New York City
By Alfred Albelli
December 26, 1966
Pierre S. du Pont of THE du Ponts in Wilmington, Del. Got out of the show biz a little better off than he might have, papers in Manhattan Supreme Court showed yesterday.
In fact, du Pont won a $3,594,000 action against the head of a bankrupt film producing firm, who tried to call the debt a corporate rather than a personal debt.
The producer was Samuel Bronston of 60 Sutton Place South and Madrid, Spain, who heads Samuel Bronston Productions, Inc., which filed for bankruptcy las summer under Chapter 11 of the federal bankruptcy law.
A $7 Million Angel
The papers, filed with Justice Thomas A. Aurelio, show that d OPont was an angel for Bronston’s various enterprises to the tune of almost $7 million between 1957 and last February. Bronston put the du Pont millions to work by producing such pictures as “John Paul Jones,” “El Cid,” “King of Kings,” “55 Days at Peking,” “The Fall of the Roman Empire” and “Circus World.”
Those flicks flopped, Bronston said in his papers, and “did not make any profits.”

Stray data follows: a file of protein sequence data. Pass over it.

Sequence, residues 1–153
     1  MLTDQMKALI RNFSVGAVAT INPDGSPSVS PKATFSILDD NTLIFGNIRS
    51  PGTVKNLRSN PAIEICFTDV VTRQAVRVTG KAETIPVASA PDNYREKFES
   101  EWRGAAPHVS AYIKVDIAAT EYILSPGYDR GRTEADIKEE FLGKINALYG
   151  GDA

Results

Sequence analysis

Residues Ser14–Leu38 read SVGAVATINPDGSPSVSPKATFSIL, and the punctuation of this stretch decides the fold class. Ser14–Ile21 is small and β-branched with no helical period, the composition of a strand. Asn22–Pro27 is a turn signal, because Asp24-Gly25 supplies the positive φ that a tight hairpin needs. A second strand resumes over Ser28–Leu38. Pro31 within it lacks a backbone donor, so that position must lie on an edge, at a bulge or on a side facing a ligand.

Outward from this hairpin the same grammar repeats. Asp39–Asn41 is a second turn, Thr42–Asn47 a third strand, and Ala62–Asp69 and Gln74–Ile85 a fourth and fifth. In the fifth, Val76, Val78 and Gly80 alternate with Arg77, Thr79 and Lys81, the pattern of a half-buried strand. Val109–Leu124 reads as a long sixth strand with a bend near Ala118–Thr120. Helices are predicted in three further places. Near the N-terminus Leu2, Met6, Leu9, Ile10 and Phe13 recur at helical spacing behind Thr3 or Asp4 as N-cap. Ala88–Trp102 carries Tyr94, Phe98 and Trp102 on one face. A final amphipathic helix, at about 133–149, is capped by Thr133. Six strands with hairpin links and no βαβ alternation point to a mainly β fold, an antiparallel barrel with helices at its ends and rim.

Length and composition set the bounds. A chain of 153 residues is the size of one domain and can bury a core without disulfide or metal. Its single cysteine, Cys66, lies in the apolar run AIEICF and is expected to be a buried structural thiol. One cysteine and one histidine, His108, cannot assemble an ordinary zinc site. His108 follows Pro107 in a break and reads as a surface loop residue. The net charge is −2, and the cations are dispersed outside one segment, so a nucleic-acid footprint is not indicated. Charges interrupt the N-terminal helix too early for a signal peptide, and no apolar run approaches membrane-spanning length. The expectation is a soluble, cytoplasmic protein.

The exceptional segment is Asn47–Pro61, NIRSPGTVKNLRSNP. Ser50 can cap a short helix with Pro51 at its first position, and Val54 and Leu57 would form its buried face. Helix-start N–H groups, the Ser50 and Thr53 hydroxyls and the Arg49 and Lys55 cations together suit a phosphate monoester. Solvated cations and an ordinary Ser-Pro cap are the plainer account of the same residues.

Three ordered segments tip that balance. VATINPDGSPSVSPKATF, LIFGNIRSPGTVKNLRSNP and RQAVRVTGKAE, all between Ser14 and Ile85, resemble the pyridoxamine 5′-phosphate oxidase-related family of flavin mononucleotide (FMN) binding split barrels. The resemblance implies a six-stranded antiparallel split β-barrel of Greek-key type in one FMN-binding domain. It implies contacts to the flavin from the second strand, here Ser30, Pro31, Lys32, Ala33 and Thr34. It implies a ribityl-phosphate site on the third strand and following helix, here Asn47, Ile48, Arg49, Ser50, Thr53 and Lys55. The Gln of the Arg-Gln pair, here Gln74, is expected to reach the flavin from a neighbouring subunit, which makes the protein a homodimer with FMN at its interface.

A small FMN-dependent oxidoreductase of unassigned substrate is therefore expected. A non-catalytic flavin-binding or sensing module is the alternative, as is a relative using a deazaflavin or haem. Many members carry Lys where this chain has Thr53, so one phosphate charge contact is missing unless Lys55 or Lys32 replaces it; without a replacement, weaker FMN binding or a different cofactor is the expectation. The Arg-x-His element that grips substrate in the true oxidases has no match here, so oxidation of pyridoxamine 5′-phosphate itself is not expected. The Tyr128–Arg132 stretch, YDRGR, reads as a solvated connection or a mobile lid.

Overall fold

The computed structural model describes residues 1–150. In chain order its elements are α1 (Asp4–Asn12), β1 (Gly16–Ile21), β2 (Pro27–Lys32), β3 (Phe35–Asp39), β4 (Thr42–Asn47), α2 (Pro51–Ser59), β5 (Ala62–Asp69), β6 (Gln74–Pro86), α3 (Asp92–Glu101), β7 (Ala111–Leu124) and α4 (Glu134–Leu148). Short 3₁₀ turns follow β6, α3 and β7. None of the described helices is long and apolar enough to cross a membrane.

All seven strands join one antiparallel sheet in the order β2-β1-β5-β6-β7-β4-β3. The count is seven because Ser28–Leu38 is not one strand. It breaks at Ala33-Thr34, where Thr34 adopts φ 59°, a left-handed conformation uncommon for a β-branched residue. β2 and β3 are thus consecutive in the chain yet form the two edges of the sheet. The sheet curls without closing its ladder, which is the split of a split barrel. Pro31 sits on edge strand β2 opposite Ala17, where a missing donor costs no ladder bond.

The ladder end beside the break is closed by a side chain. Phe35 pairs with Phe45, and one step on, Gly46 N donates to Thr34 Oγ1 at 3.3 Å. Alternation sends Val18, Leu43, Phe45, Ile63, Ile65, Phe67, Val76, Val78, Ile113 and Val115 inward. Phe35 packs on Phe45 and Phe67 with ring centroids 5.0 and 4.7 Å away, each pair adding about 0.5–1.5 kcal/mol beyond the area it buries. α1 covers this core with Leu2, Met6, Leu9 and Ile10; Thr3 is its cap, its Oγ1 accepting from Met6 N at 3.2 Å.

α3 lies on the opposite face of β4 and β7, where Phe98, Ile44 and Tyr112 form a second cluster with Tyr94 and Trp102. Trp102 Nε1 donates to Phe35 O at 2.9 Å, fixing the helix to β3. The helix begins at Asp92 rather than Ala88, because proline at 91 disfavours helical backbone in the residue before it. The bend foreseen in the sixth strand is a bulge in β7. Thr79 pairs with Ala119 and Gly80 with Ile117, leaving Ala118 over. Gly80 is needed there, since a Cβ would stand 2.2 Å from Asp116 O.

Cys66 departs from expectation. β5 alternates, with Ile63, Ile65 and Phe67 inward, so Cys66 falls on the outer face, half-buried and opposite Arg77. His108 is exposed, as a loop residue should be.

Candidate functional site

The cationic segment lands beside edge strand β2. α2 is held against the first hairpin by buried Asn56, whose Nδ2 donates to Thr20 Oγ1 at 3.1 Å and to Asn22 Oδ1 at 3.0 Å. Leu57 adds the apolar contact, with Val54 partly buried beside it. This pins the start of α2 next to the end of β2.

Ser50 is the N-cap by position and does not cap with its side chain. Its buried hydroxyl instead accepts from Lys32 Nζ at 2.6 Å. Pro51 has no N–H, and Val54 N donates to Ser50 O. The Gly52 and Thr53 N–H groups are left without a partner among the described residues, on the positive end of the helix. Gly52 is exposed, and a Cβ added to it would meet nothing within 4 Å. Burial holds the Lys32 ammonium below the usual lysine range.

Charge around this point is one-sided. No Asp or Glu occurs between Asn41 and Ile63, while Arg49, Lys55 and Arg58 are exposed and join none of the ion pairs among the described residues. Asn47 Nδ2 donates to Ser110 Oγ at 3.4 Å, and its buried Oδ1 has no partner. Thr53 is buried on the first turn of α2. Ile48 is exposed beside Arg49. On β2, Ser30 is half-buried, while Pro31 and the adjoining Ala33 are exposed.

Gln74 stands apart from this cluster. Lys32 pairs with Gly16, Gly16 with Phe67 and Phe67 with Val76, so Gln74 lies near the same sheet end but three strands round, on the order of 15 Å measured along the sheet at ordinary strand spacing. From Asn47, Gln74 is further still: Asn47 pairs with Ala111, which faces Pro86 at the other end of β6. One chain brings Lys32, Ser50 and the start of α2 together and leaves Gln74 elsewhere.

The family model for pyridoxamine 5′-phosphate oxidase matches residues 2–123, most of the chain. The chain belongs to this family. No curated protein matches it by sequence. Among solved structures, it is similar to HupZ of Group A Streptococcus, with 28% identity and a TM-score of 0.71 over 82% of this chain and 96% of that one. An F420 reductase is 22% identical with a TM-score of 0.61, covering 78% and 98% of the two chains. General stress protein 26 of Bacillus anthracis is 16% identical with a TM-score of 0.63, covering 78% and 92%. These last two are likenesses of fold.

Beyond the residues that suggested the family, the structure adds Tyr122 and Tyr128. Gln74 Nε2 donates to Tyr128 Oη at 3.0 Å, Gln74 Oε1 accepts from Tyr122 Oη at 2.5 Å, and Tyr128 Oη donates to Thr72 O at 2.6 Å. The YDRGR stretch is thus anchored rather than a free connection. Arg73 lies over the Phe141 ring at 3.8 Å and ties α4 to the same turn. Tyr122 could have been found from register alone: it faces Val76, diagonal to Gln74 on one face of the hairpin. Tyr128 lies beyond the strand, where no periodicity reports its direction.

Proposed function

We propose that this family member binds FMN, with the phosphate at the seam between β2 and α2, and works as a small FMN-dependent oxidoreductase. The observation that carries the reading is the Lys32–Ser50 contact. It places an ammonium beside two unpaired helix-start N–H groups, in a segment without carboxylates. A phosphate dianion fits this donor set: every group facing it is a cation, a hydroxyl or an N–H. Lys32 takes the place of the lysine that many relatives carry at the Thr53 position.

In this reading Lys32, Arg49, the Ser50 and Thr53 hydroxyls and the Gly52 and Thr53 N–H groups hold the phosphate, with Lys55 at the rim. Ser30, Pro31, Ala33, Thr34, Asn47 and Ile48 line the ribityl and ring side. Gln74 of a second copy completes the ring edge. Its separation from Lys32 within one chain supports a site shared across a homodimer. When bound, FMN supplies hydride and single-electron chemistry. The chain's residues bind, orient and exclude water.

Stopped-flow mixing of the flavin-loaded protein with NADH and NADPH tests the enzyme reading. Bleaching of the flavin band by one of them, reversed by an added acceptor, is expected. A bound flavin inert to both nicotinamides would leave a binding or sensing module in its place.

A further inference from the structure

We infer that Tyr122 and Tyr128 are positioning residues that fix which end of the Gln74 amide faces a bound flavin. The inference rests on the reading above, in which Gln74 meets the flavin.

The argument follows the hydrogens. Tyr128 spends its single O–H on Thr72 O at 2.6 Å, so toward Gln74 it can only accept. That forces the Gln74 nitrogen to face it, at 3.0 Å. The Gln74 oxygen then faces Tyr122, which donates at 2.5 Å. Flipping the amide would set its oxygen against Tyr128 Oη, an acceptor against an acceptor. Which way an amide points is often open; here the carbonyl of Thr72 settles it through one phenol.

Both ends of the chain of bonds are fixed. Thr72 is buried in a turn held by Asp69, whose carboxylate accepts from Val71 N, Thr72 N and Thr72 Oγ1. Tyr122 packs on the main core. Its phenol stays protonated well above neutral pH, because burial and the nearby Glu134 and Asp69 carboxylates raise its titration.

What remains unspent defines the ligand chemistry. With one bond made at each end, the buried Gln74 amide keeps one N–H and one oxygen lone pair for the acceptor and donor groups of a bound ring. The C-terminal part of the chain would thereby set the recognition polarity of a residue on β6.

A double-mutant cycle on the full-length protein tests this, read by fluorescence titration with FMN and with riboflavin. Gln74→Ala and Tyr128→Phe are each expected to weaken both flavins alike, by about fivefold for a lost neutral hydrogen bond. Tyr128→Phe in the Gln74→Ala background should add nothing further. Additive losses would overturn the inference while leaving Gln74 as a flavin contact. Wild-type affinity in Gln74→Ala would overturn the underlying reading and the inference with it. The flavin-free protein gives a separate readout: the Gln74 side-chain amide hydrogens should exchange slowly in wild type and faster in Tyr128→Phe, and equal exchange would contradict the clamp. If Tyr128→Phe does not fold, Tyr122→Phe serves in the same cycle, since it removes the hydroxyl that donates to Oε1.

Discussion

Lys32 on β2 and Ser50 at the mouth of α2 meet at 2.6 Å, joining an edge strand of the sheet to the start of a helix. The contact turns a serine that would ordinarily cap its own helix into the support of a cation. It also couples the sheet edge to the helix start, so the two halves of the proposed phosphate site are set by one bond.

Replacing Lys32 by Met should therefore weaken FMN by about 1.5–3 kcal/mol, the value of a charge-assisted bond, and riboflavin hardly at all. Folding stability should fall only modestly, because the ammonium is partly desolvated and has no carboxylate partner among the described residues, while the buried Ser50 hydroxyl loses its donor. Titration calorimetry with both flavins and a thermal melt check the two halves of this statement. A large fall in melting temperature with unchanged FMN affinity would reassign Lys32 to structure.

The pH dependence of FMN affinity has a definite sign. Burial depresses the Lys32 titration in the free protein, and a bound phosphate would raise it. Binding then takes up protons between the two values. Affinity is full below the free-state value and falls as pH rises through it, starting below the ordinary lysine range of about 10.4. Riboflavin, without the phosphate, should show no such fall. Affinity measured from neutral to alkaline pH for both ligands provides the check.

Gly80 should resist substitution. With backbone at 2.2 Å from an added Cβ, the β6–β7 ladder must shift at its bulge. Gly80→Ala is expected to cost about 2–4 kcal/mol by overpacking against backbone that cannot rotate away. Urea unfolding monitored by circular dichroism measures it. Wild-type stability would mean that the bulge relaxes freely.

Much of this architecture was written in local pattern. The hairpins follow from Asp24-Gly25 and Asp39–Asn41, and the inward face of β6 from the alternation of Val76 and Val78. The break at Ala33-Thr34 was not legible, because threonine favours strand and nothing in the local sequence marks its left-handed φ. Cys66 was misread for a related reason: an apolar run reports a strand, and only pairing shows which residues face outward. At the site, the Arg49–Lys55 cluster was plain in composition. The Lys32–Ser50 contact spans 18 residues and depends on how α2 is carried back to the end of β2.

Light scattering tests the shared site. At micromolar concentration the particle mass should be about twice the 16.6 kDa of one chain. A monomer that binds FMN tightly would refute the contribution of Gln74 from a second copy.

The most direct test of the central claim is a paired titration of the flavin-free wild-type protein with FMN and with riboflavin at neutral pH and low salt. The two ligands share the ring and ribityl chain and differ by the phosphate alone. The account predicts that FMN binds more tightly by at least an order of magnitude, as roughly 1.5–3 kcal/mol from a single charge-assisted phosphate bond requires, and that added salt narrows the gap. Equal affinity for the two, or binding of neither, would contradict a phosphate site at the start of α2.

Du Pont’s action was based on three promissory notes signed by Bronston on Dec. 14, 1962, and Dec. 28, 1962. Bronston claimed he signed the notes “solely as an accommodation to satisfy certain tax problems of Mr. du Pont and were made with the clear understanding that Mr. Bronston was not to be personally liable on them.”
But du Pont’s lawyer, former Federal Judge Samuel H. Rifkind, argued that du Pont’s trust in Bronston was misplaced and the millions of dollars assets of these movie enterprises were misappropriated and mismanaged with the result that these companies became insolvent.”
Justice Aurelio granted Rifkind’s motion for summary judgment awarding payment to du Pont, on the ground that Bronston‘s assertions were without valid basis.”
[submitted by Mike Hauss]